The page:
Thelma was a good MP and activist and I had the greatest respect for her and was sorely disappointed last election when the local Tory got back in (I have actually known Thelma’s partner for many years). But this move strikes me as very weird. The most obvious question is what exactly is ‘The North’? Where are the borders? What does ‘Merseyside to Tyneside’ actually mean? You can guarantee no-one will want to say even if they have considered it properly (which I doubt given the stupid ‘northern’ stereotypes the whole party is founded on). The fundamental point is that no-one has ever agreed where the north of England starts so any border will be arbitrary and new and it will fail miserably.

    It is so obvious that there will never be an independent ‘Northumbria’ whatever that is today, that this is all pissing in the wind that will quite likely let the Tories back in, in Hartlepool. The left / centre-left in England has largely been mostly out of power due to its own mindless divisions and so it continues. I am deeply disappointed in Thelma as the last thing England needs is more nationalism and more north-south divisive bullshit. Somehow allying this to the cause of Scottish Nationalism is grossly misleading.

    1. Colin Robinson says:

      ‘The North’ in common usage is roughly coincident with the ancient British kingdom of Brigantia, which the Romans referred to as ‘Britannia Inferior’ (as distinct, I suppose, from the superior South). For present day administrative purposes, it’s fairly well defined as comprising the three regions of North East England, North West England, and Yorkshire and the Humber.

      It will never happen, of course, but there’s no reason in principle why this administrative unit couldn’t function independently of Westminster just as Northern Ireland, Scotland, or Wales could.

      1. Niemand says:

        Where is the southerly border of ‘north west England’? What administrative purposes are you talking about? I notice the NIP official pages define ‘the North’ as: ‘all of the North East, North West, Yorkshire and the Humber, and High Peak. Constituencies immediately south of the border will be offered the chance to join through referendum.’ But nowhere do they really define this southerly border i.e where actually is it and what are these constituencies immediately to the south. This is crucial information they do not give.

        The whole thing is a divisive fantasy world that has been conjured up because some ex-Labour people are angry with Starmer and the way Corby has been treated and want a more socialist future, something I very much agree with, but not this way and not a way that is doomed to failure from the start. I agree there could be some kind of new country of northern England, in theory (there could be anywhere – you could split Scotland into Lowlands, and Highlands and Islands too) but splitting England into two countries is a horrible, regressive idea.

        1. Colin Robinson says:

          I disagree, Niemand; the ‘cantonisation’ of England into several sovereign territories, coupled with an EU-type arrangement of subsidiarity through which they could act collectively in pursuit of common interests, would be radically progressive in terms of devolving power and responsibility more closely to the demos. In this respect, it would certainly be more progressive than having a more distant sovereign government. We could maybe even do the same in Scotland, with the Scottish government serving a subsidiary function to more local sovereign assemblies.

          I’m sure the Scottish government wouldn’t wear that sort of constitution, however, any more than the UK government would, when it’s power it’s after in its drive for Independence.

          1. Niemand says:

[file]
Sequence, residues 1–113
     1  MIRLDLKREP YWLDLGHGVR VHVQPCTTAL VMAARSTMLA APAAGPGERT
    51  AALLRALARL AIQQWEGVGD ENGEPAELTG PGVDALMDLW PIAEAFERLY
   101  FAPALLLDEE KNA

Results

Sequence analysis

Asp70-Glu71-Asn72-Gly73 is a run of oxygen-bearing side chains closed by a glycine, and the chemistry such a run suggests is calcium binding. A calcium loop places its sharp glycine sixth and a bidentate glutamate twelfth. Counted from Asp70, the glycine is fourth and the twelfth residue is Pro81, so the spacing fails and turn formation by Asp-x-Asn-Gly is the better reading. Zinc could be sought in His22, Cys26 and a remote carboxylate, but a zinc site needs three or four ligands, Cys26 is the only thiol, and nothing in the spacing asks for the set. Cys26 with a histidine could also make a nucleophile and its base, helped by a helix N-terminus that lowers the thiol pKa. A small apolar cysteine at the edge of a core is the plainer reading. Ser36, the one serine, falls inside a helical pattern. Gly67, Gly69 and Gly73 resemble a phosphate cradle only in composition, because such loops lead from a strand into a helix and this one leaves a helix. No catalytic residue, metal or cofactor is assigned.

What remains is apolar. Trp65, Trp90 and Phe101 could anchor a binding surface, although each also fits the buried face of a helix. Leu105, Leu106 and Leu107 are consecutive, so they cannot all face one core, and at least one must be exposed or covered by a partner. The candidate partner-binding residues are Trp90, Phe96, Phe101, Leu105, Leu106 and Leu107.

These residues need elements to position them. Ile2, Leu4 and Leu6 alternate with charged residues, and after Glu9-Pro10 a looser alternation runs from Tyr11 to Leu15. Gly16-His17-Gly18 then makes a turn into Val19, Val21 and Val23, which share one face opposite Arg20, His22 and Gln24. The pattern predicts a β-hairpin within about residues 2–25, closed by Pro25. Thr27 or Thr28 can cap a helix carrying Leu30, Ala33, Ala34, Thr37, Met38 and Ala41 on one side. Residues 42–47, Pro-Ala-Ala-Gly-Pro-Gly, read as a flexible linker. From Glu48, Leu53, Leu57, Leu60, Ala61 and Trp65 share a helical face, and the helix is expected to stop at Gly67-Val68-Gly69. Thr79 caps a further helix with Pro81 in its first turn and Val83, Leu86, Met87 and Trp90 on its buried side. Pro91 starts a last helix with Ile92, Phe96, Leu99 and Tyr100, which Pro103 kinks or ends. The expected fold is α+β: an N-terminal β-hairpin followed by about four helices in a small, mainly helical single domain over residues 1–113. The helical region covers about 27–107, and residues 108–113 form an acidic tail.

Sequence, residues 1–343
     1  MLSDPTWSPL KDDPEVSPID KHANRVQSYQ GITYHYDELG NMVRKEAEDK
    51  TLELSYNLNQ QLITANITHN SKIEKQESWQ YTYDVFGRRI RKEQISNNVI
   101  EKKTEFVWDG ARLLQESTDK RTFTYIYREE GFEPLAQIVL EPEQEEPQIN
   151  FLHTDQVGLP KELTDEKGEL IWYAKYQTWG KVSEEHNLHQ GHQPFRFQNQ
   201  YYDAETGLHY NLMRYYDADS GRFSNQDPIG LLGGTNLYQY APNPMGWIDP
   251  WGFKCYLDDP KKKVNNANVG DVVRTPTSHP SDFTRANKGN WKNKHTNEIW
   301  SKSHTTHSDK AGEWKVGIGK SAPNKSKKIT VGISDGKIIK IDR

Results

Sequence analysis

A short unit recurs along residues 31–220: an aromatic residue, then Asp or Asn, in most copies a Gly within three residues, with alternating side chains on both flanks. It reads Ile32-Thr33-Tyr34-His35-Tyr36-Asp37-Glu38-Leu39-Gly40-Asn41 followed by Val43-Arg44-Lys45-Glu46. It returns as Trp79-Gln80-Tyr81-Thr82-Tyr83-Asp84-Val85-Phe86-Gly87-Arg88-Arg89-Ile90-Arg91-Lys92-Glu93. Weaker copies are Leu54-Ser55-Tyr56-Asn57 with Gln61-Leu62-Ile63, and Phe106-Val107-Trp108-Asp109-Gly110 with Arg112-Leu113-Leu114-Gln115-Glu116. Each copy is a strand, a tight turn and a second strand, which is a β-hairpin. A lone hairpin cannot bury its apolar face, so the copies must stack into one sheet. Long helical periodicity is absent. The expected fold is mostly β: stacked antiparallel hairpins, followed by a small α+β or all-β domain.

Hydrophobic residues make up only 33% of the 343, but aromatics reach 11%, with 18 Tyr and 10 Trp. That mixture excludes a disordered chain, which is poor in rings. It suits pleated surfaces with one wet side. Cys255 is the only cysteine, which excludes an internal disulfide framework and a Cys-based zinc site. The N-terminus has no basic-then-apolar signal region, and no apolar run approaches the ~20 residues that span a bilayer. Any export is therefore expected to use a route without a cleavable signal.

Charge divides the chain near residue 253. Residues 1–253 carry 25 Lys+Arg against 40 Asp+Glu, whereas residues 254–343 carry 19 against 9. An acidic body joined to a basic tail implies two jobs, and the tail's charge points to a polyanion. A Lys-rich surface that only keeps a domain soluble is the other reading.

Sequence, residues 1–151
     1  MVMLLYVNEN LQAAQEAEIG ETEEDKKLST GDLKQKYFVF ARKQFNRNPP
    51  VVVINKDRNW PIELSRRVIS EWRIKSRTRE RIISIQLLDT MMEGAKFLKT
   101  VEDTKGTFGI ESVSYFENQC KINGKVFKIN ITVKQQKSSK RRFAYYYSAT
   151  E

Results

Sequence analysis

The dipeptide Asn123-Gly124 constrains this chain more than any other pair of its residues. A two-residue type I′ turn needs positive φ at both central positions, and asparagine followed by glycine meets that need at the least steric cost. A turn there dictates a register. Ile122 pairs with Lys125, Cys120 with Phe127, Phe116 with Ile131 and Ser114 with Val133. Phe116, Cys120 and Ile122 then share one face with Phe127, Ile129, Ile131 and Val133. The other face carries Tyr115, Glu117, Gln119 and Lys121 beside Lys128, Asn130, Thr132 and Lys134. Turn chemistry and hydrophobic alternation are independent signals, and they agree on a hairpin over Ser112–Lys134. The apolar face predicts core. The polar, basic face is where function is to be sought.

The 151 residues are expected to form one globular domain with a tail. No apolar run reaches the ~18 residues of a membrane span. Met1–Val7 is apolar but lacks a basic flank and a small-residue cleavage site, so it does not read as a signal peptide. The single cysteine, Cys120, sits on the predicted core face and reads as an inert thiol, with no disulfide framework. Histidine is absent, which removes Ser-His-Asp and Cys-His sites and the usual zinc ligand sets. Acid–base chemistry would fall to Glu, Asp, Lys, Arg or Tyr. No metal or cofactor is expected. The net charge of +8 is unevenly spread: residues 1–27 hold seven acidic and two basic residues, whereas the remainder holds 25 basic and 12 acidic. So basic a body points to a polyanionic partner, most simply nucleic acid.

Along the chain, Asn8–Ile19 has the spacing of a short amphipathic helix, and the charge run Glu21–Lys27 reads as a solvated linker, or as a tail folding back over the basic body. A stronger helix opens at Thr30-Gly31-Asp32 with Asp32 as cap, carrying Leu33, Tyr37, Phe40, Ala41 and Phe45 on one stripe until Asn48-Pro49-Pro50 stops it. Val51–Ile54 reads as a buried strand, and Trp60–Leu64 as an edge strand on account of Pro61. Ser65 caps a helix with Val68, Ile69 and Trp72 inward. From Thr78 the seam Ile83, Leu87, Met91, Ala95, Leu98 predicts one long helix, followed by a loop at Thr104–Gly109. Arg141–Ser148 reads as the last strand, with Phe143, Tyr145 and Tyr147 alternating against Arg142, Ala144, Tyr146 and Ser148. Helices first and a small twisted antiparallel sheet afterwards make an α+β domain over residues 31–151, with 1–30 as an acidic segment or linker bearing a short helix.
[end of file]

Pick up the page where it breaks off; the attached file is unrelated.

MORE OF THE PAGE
I’m just not into such divisions and there is a world of difference between more regional autonomy (something I favour, though the populace does not it seems) and political and geographical independence that brings a massive load of issues, borders, old rivalries, potential hostility, lack of unity when needed, hence my disdain for the NIP whose evocation of the 7th century idea of Northumbria is just silly – how could they seriously say that? Going back 1300 years when there was no conception of England at all and wars between regions were commonplace, as a means of going forward?? As for the EU being some kind of unifying factor, well the NIP have already conceded the north of England voted leave and have no intention of re-joining.

          2. Colin Robinson says:

            Yes, I agree; an appeal to the early medieval kingdoms of the Old North is nothing but a divisive ethnonationalist trope.

            But I still think there’s some mileage in the deconstruction of England (and Scotland, for that matter), which makes a similar appeal to the past for its identity and integrity as ‘a nation’, into a number of less abstract independent communities like ‘the North’, unionised (like the EU) on the principle of subsidiarity rather than (in the case of the UK at present) on the principle of incorporation.

            Imagine the UK rather as a community of independent ‘nations’. Imagine too each of those nations as a community of smaller independent republics. Don’t you find that vision of unionised independence rather than separatism attractive?

          3. Niemand says:

            Unionised independence? Yes I do find it attractive but would prefer not actual independence with EU-style ‘glue’ but a British or English glue like an actually properly functioning Union (stop laughing in the wings) but with proper regional devolution. I voted Remain but remain unconvinced by the EU as it is just too big and unwieldy and too keen on uniformity, and once you get somewhat faceless bodies that can overrule very long standing country-based regions, it always builds resentment.

            So I worry what the fragmentation might bring as well i.e. disunity and everyone fighting for their corner with little interest in ‘the union’ and neighbours working together. Germany and the US has something a bit like this but it doesn’t always work very well. One thing that I find sad as Scotland seems to be getting nearer its goal of autonomy, is the infighting has begun in earnest and seems set to continue after (and if) independence actually happens.

          4. Colin Robinson says:

            That’s just our genius for sectarianism coming to the fore.

  4. Niemand says:

    Thelma got 250 votes. Monster Raving Loony got 108.